Analysis of Neil Postman's 'Amusing Ourselves to Death'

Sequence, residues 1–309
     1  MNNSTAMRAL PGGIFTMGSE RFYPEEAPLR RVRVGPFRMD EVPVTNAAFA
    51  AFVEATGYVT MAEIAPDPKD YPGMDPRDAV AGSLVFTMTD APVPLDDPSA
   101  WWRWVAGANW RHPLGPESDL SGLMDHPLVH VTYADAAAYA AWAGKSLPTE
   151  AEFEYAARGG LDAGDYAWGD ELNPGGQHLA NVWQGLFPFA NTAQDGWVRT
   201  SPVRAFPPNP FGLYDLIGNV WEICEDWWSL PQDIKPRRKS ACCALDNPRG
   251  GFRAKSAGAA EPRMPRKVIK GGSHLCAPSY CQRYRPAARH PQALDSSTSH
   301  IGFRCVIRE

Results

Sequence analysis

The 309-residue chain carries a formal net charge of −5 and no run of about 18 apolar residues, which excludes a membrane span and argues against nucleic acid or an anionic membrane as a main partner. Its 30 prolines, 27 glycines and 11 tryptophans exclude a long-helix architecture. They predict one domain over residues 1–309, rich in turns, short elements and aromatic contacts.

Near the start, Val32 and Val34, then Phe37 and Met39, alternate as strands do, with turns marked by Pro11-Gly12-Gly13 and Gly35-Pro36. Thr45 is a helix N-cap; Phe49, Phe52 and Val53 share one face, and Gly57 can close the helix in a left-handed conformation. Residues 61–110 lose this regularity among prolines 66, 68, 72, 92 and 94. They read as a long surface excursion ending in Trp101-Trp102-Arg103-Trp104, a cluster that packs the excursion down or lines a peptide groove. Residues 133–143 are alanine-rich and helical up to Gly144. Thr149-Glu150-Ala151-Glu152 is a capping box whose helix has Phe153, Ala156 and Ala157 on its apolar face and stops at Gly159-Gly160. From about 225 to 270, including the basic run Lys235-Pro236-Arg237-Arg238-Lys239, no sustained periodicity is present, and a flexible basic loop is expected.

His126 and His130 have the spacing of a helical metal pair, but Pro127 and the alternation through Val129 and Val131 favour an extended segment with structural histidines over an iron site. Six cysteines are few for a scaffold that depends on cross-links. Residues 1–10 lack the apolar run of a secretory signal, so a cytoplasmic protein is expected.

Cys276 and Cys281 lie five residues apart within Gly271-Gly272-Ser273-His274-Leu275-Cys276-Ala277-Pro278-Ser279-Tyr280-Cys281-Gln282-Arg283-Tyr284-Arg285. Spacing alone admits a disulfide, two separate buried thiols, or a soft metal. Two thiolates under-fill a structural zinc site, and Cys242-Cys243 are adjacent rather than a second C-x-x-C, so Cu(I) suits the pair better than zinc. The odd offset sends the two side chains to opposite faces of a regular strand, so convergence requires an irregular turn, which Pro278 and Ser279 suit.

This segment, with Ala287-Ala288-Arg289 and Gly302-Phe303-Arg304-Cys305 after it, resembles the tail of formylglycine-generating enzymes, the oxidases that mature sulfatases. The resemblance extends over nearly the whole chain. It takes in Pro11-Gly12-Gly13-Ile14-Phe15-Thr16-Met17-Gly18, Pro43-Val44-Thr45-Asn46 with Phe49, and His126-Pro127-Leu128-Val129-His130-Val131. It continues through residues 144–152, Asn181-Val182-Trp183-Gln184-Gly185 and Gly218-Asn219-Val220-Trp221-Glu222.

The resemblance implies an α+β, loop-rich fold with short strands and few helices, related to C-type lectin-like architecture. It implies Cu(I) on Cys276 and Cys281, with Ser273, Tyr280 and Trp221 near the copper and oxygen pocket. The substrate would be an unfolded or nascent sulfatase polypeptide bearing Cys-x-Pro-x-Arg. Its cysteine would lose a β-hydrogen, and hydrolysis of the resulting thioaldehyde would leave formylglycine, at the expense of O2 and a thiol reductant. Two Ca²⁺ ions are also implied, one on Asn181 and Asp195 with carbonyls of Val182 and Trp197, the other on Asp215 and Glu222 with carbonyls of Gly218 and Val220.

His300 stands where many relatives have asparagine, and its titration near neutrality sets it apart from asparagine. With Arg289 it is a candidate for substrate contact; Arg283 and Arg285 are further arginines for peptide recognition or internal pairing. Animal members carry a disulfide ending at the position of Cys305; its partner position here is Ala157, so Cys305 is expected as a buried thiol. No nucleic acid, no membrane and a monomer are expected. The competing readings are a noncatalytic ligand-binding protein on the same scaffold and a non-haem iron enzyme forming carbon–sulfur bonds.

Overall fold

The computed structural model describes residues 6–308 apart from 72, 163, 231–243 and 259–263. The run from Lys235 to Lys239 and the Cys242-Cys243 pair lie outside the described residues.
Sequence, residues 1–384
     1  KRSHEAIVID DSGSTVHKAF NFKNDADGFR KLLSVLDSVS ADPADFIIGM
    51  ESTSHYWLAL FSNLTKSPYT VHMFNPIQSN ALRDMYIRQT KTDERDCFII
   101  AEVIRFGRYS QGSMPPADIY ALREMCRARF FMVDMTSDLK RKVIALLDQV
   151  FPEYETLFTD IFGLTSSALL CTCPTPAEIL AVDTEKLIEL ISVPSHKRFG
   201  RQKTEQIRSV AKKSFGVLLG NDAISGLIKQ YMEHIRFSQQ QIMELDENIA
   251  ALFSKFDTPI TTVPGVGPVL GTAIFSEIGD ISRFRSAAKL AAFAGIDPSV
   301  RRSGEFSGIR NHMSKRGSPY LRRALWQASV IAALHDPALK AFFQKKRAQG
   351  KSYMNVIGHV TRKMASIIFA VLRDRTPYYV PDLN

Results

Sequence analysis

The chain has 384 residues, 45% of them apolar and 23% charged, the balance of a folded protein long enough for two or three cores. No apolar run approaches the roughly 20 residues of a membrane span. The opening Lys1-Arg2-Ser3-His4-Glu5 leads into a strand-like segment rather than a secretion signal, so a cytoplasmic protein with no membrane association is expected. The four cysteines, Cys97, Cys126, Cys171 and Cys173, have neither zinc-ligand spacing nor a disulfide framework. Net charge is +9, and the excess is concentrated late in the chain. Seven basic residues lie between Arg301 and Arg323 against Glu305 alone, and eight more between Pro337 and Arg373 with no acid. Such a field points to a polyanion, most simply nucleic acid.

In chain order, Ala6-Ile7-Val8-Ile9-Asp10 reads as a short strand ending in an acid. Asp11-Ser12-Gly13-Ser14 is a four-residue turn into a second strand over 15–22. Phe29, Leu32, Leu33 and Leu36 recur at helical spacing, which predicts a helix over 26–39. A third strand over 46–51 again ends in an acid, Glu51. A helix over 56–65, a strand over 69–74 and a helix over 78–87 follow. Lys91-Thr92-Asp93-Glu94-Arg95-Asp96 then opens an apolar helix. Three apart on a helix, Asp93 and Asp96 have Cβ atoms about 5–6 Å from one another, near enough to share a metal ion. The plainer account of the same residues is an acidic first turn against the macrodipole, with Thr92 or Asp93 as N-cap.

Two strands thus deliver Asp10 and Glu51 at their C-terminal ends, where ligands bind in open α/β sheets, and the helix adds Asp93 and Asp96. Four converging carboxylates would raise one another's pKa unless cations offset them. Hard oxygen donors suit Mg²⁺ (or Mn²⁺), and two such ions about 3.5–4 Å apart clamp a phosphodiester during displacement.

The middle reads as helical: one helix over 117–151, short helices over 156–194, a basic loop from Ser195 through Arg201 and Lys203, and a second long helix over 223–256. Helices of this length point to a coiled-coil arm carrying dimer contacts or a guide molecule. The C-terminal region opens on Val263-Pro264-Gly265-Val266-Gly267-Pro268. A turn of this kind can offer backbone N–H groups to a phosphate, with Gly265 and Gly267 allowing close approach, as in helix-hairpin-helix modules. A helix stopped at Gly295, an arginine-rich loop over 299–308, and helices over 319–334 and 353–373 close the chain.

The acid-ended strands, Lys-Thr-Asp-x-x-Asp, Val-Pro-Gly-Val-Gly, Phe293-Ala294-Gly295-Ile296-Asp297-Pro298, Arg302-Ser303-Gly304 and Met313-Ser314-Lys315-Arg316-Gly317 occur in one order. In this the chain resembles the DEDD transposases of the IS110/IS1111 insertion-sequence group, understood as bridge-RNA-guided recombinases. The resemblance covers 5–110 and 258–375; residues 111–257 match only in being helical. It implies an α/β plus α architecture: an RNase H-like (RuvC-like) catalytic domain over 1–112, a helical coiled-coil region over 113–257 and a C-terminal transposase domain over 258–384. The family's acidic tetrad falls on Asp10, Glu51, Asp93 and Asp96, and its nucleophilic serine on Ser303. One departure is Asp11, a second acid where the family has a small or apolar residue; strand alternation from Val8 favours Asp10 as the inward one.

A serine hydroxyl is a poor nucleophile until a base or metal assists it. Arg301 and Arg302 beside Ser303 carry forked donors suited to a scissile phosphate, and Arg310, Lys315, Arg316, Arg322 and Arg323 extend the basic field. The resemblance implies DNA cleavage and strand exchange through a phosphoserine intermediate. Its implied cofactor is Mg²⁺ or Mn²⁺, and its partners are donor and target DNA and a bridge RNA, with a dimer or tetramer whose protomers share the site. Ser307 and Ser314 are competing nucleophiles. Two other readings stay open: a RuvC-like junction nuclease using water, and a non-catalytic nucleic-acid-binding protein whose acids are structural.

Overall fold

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'Liking' Form and Function It would be easy to dismiss Neil Postman as just a grumpy old man complaining about what those young whippersnappers are up to while his generation is upholding the values of civilization, the last vanguard against the Huns. Except for the fact that he was right: Modern technologies have allowed individuals to withdraw into themselves, to avoid engaging in public discourse. This imperils democracy, according to Postman, along with a number of other social critics of the last several decades. But at least as problematic (even as perilous), according to Postman, is the fact that many modern technologies and the social habits that accompany them, discourage any inner dialogue as well so that both private and public lives are silenced to any meaningful content. Or at least this is an arguable point: Whether or not it is true or the extent to which it is true is (arguably again) dependent on the form of the technology as well as when it appeared in the life of the individual. Television had a certain magical quality to it when it was first introduced: It had the power to entrance those who gathered around it in suburban living rooms. This was equally true of the range of computer-based technologies. However, and this is in large measure true of all technologies, as the virtual world has surrounded us in more and more layers, at least some of us have become more adept at using technologies like Facebook without ceding our ability to be critical about
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